Federal Statutes on Environmental Protection: Regulation in the Public Interest

Federal Statutes on Environmental Protection: Regulation in the Public Interest

Federal Statutes on Environmental Protection: Regulation in the Public Interest

Federal Statutes on Environmental Protection: Regulation in the Public Interest

Synopsis

"A brief yet comprehensive and clearly written compendium of the most important federal energy, environmental, and natural resource statutes through 1982. Freedman's special talent is the ability to relate Congressional intent to the policy context within each act was written. . . . [This] is a sweeping panoply of statute summaries replete with citations, and is thus highly suitable as a reference work." Choice

Excerpt

Oil supplies; the court ruled that the carrier did not know of the hazardous character of the substances the carrier was transporting, and therefore was not negligent under fhsa. Even the absence of federal labels did not amount to negligence on the part of the carrier.

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Federal Land Policy and Management Act (1976)

The Federal Land Policy and Management Act (FLPMA) (1976) repealed in 1976 a number of public land statutes and instituted a number of new programs including review of all lands managed by the Bureau of Land Management (BLM) for possible designation by Congress as "wilderness." flpma land is subject to "valid existing rights," in the sense that private property rights (generally derivative of state law except for rights in federal lands conferred by federal statute) must be respected or regulated to the extent permitted by the courts. Reasonable regulation has been construed as allowing reasonable use of the property interests involved; but regulation does not require "trust" duties on the part of the federal agency, for supervision of public lands is deemed to be merely a statutory duty.

Where the land surface is federally owned and the severed minerals in the land are in private or state ownership under a reservation permitting their development including reasonable use of the surface (the so-called split-estate lands), the Board of Land Appeals of the U.S. Department of the Interior has determined that the "wilderness review" provisions of flpma do not apply. Nevertheless, the federal agency must manage the public lands so as not to impair their wilderness potential. The Mineral Leasing Act (1920) gave the Secretary of the Interior the authority to lease all public lands which are known or believed to contain oil and gas deposits for the purpose of developing such oil and gas deposits, but does not authorize the Secretary of the Interior to withhold lands from leasing under the act based on environmental or wilderness preservation concerns. the act was amended in 1981 to authorize payment to the states of 50 percent of rents, royalties, and bonuses from mineral leases on federal military reservations. But there is no private cause of action under the Mineral Leasing Act to recover damages for violation of the act.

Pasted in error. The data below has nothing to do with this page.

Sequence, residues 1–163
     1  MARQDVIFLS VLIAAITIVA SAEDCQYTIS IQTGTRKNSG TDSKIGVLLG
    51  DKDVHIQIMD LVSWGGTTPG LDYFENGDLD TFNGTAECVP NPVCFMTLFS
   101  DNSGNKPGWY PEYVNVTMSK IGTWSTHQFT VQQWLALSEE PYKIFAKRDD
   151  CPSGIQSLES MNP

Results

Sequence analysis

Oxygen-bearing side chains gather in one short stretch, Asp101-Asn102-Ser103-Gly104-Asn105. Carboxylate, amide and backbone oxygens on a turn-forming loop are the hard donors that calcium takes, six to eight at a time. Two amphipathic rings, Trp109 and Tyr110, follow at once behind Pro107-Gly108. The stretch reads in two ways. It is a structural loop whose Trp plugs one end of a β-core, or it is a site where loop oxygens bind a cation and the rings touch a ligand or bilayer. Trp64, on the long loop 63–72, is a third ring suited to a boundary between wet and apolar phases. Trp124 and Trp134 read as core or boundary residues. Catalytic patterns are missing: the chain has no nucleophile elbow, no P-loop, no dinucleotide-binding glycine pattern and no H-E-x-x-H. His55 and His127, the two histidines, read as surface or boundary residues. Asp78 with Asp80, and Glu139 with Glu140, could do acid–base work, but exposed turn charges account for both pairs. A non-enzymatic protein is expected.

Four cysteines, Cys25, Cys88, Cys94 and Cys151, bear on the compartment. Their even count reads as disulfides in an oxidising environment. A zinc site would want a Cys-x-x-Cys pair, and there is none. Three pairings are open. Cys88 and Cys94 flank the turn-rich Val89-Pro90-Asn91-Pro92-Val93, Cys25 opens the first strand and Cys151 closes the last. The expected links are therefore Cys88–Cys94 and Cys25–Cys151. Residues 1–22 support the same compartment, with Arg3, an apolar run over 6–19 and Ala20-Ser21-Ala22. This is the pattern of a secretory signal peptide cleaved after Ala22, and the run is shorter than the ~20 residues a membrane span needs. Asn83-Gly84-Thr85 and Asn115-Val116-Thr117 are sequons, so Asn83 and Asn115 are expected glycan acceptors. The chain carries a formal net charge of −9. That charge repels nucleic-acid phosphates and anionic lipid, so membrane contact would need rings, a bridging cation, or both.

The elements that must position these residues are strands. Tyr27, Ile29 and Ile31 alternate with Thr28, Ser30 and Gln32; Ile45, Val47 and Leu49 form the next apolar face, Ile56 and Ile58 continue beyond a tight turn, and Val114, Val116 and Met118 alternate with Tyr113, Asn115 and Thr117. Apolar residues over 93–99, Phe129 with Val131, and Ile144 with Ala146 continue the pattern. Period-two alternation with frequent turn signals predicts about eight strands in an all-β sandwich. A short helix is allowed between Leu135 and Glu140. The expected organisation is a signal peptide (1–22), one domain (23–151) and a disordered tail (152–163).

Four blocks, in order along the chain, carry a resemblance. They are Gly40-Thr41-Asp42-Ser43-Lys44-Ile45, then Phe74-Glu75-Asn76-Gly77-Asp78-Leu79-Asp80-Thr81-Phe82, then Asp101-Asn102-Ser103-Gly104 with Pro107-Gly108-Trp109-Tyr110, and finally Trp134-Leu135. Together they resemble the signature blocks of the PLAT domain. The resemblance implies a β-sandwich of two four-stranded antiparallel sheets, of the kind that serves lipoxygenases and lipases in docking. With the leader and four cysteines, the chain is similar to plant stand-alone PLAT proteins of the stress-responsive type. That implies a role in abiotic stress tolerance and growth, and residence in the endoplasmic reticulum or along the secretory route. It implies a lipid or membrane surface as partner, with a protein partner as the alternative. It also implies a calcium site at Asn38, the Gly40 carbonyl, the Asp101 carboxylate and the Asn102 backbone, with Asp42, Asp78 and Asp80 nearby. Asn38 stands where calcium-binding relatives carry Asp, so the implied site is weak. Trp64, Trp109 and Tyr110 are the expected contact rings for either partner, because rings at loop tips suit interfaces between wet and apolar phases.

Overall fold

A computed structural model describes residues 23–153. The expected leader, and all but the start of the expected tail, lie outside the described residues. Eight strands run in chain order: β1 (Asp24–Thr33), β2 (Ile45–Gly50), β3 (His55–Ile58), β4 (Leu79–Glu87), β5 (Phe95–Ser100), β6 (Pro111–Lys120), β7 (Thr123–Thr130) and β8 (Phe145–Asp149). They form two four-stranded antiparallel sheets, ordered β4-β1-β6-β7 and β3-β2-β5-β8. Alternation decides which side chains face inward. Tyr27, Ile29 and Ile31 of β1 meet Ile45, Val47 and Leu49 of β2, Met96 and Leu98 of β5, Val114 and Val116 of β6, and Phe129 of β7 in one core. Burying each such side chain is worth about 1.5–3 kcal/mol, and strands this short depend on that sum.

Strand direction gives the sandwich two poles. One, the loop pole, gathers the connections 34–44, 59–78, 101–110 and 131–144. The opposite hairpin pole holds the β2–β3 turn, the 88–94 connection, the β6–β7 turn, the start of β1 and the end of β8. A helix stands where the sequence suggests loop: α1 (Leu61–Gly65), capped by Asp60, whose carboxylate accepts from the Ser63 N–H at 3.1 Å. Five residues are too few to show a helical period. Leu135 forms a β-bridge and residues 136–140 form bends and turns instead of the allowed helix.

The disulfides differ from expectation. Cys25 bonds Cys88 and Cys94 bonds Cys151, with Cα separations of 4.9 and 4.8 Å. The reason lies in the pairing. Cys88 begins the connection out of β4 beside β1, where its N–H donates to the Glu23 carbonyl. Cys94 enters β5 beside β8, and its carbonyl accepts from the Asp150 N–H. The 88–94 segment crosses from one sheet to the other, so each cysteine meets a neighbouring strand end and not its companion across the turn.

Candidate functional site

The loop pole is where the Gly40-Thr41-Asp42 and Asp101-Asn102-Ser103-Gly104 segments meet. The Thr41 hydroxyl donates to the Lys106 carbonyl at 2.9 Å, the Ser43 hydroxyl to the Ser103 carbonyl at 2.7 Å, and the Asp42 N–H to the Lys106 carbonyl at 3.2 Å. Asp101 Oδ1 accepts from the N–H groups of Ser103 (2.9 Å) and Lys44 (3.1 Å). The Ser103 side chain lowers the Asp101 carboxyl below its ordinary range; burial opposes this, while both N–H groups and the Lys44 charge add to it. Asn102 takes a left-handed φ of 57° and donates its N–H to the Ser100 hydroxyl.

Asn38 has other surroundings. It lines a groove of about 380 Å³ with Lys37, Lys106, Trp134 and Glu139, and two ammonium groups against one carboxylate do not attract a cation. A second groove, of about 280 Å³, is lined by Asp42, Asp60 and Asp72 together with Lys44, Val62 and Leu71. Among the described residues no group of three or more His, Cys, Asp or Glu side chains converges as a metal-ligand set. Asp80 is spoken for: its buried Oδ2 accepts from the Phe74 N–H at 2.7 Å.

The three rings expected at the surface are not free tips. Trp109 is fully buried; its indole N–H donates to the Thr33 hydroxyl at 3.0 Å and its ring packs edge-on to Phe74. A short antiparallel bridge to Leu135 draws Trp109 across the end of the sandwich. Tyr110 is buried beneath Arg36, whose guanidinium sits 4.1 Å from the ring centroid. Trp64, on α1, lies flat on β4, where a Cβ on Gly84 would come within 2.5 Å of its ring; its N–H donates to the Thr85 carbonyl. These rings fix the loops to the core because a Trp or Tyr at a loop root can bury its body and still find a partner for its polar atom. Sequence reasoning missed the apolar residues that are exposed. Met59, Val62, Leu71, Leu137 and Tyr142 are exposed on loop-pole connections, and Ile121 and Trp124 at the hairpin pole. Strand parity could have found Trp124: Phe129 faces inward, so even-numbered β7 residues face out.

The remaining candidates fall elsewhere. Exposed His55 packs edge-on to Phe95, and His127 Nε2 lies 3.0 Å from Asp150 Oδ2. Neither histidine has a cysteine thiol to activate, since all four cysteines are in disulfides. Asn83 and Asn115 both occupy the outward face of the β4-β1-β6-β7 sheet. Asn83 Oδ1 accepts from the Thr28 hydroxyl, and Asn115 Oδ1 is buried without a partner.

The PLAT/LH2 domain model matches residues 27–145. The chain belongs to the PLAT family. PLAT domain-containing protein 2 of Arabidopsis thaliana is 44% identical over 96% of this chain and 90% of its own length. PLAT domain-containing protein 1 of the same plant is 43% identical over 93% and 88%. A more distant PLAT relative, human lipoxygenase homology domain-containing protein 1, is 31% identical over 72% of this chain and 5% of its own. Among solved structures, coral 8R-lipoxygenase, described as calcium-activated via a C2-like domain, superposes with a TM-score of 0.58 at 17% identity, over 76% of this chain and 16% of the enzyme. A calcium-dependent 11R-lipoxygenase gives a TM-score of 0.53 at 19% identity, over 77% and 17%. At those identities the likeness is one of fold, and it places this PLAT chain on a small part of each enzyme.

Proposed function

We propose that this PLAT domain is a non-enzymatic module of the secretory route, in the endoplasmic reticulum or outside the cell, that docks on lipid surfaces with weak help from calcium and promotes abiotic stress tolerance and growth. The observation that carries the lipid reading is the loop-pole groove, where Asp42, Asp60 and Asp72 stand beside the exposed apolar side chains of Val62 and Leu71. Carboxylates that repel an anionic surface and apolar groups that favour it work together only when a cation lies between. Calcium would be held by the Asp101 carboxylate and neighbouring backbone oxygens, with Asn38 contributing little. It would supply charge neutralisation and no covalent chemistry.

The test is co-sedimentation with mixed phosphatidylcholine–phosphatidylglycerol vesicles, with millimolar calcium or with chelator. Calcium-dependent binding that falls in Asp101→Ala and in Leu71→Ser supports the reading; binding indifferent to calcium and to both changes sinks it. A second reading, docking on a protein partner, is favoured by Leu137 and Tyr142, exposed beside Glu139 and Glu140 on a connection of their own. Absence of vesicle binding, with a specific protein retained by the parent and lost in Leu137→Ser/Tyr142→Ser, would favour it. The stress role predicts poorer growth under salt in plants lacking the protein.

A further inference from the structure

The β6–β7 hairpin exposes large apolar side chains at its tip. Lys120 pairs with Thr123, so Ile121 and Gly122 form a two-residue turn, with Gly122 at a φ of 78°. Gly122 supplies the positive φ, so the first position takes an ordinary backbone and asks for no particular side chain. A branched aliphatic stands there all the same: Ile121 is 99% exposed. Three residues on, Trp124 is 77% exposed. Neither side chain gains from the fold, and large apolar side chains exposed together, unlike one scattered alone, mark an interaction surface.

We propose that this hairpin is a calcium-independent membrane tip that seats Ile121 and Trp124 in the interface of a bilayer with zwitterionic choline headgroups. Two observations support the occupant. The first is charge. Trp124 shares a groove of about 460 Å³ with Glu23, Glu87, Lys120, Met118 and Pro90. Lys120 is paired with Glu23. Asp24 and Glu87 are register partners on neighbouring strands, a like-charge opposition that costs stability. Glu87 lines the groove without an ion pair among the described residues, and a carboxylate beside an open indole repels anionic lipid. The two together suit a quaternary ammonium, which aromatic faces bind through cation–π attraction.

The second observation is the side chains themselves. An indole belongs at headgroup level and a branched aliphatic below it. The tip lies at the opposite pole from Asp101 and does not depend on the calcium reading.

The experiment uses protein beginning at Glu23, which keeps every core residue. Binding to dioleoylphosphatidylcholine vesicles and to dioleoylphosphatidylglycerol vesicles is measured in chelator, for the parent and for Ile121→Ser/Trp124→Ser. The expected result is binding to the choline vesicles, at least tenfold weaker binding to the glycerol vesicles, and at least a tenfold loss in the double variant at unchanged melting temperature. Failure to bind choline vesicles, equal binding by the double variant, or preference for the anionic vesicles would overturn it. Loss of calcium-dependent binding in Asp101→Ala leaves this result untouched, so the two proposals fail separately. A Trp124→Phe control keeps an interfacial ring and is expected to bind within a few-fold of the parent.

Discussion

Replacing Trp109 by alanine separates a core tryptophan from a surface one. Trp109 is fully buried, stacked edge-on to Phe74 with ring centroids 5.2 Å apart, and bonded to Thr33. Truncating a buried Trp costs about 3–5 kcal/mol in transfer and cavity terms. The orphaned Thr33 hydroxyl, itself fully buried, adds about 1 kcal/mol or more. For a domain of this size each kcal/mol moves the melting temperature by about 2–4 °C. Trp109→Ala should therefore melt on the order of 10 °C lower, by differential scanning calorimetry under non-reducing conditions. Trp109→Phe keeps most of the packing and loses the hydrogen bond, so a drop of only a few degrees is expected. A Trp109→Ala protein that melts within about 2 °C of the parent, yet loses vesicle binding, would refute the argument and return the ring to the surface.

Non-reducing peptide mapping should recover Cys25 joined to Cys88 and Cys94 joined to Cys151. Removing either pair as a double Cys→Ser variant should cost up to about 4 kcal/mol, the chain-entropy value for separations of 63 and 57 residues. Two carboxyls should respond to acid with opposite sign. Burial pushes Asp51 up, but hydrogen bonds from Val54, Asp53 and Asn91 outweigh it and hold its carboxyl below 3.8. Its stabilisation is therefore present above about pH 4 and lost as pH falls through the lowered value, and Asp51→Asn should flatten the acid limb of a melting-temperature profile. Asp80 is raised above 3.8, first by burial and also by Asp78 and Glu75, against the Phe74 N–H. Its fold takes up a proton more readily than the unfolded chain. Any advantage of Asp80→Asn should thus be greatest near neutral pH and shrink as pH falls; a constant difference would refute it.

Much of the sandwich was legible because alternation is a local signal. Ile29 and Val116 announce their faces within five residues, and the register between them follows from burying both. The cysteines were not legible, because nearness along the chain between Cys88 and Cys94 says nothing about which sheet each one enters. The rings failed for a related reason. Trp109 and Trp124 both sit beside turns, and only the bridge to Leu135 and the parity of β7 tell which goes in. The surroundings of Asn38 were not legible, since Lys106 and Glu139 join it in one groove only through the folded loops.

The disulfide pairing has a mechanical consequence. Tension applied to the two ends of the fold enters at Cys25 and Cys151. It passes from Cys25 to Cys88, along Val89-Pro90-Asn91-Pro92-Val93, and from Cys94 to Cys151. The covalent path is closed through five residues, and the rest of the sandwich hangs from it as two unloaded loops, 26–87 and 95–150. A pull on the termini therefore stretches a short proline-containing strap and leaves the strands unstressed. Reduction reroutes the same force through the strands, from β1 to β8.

Public lands if sold must insure that the "United States receives fair market value for the use of public lands and their resources." Right-of-way corridors in the hands of private or state interests are subject to rental payments based upon fair market value. But the Secretary of the Interior is vested with considerable discretion, although there are policy guidelines which must be . . .

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